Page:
Testofen MDL Rejected by U.S. Judicial Panel
A panel of federal judges has rejected a petition to consolidate and centralize all lawsuits over the testosterone booster, Testofen. Testofen is an extract created from fenugreek seeds, which are claimed to help increase a man’s testosterone levels. It is regularly used in testosterone-raising supplements that are marketed to help increase muscle mass and boost male libido, as well as improve erectile dysfunction. The Testofen lawsuits allege that the manufacturers misrepresented the safety and efficacy of the supplements.
The U.S. Judicial Panel on the Multidistrict Litigation (JPML) denied a recent request to transfer at least two Testofen class action lawsuits to the same judge for coordinated pretrial proceedings. This would allow the cases to proceed as individual actions and not be centralized in the federal court system as part of an MDL, or multidistrict litigation, like several other testosterone drug lawsuits.
On April 1, 2015, the panel reviewed two Testofen lawsuits and agreed that the cases were not similar enough to be joined into a single litigation. The suits will remain as separate trials, independent of each other in front of different judges.
“The two actions undoubtedly share some questions of fact concerning the efficacy of nutritional supplements containing Testofen in boosting free testosterone levels,” the JPML said in its decision. “But, the scope of the two actions before the panel are substantially different.”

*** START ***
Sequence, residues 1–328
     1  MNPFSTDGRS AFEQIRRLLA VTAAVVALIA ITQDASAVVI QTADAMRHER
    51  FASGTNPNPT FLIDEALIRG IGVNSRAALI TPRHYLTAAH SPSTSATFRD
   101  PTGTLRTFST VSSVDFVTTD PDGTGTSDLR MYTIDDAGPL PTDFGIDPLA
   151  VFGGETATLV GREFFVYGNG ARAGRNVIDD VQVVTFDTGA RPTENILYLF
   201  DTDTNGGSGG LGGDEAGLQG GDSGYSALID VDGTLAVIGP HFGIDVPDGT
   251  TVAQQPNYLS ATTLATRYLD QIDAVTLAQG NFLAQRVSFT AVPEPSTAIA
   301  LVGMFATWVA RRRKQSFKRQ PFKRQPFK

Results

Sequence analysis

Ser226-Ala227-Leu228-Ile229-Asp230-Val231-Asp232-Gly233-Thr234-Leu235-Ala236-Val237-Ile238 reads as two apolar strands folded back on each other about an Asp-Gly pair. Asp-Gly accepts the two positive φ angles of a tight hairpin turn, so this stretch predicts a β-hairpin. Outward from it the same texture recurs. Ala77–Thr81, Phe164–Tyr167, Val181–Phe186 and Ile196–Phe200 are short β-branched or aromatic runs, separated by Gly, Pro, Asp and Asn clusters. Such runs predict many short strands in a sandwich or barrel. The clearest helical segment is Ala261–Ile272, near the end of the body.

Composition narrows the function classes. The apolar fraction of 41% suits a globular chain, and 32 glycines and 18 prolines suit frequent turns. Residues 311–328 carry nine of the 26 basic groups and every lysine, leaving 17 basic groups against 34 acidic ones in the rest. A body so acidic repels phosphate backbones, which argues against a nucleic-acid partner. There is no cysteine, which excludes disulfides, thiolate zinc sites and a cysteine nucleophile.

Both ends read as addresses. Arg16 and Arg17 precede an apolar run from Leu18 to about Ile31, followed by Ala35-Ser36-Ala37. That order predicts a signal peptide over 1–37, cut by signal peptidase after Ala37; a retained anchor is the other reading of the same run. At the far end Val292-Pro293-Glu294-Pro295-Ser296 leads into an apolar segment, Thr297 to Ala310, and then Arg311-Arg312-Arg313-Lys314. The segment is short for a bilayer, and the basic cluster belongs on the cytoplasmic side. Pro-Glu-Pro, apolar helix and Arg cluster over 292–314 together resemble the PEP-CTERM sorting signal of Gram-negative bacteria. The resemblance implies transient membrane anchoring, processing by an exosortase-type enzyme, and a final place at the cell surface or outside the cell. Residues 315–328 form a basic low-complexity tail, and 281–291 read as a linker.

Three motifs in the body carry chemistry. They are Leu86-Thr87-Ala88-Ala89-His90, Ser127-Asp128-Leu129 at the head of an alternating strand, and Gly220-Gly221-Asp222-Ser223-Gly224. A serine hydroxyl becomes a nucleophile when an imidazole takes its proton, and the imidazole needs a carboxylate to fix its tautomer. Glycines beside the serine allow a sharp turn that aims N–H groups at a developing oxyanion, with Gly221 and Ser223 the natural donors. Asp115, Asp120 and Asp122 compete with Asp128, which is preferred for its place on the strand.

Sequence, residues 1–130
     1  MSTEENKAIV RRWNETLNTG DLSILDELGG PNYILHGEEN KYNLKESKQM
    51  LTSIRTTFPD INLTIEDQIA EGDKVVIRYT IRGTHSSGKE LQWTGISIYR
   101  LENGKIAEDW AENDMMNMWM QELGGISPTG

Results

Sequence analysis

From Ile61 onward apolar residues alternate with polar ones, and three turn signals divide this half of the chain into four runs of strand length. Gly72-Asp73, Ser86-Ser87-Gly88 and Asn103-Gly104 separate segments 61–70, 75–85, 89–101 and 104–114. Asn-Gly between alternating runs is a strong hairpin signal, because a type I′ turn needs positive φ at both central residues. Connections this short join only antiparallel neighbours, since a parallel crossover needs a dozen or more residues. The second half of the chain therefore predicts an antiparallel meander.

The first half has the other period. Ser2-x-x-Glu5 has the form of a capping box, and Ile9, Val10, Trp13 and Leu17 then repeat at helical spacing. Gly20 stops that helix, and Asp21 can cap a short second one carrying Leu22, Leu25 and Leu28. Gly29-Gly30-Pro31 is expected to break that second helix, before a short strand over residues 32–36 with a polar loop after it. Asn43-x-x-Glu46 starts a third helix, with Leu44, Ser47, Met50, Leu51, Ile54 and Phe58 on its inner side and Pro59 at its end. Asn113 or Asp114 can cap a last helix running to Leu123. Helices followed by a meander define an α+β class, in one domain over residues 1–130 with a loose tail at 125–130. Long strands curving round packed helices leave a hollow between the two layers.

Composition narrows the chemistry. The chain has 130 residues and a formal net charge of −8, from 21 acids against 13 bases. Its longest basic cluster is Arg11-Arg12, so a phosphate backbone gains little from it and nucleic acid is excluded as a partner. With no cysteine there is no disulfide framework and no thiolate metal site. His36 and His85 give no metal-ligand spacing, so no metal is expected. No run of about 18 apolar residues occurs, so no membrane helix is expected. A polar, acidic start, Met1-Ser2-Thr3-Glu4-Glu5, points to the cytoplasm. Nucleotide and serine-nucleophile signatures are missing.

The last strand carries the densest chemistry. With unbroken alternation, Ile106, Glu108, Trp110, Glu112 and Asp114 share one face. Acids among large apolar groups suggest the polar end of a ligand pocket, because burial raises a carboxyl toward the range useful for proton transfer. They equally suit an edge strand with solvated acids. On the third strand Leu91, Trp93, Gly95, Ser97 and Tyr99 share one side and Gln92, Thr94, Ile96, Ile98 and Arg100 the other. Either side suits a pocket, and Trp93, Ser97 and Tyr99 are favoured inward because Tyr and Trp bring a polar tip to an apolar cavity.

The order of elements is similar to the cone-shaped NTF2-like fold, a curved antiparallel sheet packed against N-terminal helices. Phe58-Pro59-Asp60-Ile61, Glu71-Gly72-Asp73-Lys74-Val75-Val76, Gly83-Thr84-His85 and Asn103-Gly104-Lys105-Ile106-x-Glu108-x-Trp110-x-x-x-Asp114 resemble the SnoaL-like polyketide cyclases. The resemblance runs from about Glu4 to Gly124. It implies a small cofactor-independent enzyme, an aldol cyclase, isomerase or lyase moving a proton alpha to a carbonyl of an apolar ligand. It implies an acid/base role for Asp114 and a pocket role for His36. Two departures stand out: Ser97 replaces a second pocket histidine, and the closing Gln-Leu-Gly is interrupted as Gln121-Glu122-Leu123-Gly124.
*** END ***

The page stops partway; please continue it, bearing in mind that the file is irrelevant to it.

The creation of an MDL may be approved in the future if a sufficient number of cases in different jurisdictions have similar allegations regarding Testofen supplements.
“Low T” Boosters vs. Testosterone Therapy Prescription Drugs
The nutritional T-boosting supplement lawsuits now join hundreds of doctor-prescribed testosterone therapy drugs (ie: AndroGel, Axiron, Fortesta) in courts around the country. All of these products have been marketed to help men suffering from what manufacturers represented as “Low T” symptoms. The plaintiffs argue that the some of the prescription low-t products can cause serious health damages, including raising the risk of heart attack and stroke. Allegations of deceptive advertising in the marketing of these drugs to doctors and their patients are widespread in the court filings and class action suits.
More than 1,300 men have filed testosterone lawsuits for injuries while taking prescription testosterone drugs. A 2014 PLOS One study found that the heart attack risk doubled during the first three months of testosterone use in men older than 65, and in younger men with a history of heart